Veronica Makhoali and Sifiso Zulu26 January 2024 | 6:07

US-SA relations won’t suffer from Israel genocide case, says Blinken

Though the United States previously called South Africa’s genocide case against Israel ‘meritless’, Blinken said the ‘vitally important’ relationship between the countries was much broader than a singular disagreement.

US-SA relations won’t suffer from Israel genocide case, says Blinken

US Secretary of State Antony Blinken addresses a press conference in Tel Aviv on 9 January 2024, during his week-long trip aimed at calming tensions across the Middle East. Picture: AFP

JOHANNESBURG - United States (US) Secretary of State Antony Blinken says relations with South Africa will not suffer over its genocide case brought against Israel.

The International Court of Justice (ICJ) will on Friday rule on whether there’s enough evidence that Israel broke the Genocide Convention.

ALSO READ: SA's diplomatic relations to be tested in ICJ ruling on genocide case against Israel

South Africa requested the United Nations’s (UN) top court to order an immediate stop to Israel’s military operations in Gaza.

More than 25,000 people have been killed in Gaza by Israel’s bombardment since the war started more than three months ago.

About 1,140 people in Israel have died since Hamas’ attack on 7 October.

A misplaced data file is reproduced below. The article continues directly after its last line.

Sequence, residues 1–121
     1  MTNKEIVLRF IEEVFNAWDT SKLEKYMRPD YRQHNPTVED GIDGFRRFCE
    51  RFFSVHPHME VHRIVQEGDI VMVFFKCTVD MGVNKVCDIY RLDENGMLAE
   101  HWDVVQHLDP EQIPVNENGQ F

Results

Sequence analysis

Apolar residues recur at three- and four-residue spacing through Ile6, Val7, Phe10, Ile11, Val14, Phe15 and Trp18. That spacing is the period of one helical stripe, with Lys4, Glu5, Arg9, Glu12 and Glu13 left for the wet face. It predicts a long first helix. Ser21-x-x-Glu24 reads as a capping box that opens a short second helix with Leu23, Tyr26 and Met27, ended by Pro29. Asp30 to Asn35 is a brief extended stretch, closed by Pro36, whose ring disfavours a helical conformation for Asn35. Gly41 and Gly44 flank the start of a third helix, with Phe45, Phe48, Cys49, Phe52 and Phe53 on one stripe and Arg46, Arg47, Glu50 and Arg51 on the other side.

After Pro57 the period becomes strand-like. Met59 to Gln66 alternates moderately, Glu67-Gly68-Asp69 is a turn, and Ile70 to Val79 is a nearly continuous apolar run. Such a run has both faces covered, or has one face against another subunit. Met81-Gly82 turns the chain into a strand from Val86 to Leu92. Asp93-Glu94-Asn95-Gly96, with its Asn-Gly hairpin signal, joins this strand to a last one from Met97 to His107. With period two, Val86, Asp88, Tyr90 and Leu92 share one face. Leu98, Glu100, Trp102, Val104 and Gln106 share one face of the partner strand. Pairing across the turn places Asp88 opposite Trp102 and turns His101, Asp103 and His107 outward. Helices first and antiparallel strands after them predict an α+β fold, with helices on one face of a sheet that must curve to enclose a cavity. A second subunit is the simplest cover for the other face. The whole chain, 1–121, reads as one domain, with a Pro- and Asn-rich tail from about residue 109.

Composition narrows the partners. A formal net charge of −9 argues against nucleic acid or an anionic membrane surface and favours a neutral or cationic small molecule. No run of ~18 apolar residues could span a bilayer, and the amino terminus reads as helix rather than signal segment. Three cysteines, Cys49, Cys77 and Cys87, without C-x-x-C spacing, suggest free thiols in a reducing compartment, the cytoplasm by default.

Blinken, who previously called the genocide case ‘meritless’, is on an African tour, which does not include a stop in South Africa. 

He made his recent remarks about the case at a press briefing in the Democratic Republic of Congo on Thursday.

“Our relationship with South Africa is vitally important and it is a very broad and deep relationship covering many, many issues. 

“So, whether or not we have a disagreement on one particular matter doesn’t take away the important work we’re doing together in so many other areas, and that will continue.”

The ICJ sitting in The Hague heard arguments from both Israel and South Africa two weeks ago regarding the situation in the Palestinian territory.

South Africa has asked the ICJ to grant provisional measures that will preserve Palestinian lives and give them access to more humanitarian aid.

Meanwhile, legal experts continue to examine the potential scenarios for the imminent decision at The Hague.

Former Public Protector Thuli Madonsela says countries aiding Israel’s defensive in Gaza may also have a case to answer to.